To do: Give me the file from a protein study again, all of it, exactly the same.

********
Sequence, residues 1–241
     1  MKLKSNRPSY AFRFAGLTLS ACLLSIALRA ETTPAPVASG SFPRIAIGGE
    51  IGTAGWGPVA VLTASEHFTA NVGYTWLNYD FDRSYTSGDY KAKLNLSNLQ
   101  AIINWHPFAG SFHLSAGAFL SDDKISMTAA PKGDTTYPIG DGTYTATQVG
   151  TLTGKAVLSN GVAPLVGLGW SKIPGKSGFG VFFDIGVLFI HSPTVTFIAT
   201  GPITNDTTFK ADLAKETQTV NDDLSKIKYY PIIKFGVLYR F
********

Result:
Sequence, residues 1–241
     1  MKLKSNRPSY AFRFAGLTLS ACLLSIALRA ETTPAPVASG SFPRIAIGGE
    51  IGTAGWGPVA VLTASEHFTA NVGYTWLNYD FDRSYTSGDY KAKLNLSNLQ
   101  AIINWHPFAG SFHLSAGAFL SDDKISMTAA PKGDTTYPIG DGTYTATQVG
   151  TLTGKAVLSN GVAPLVGLGW SKIPGKSGFG VFFDIGVLFI HSPTVTFIAT
   201  GPITNDTTFK ADLAKETQTV NDDLSKIKYY PIIKFGVLYR F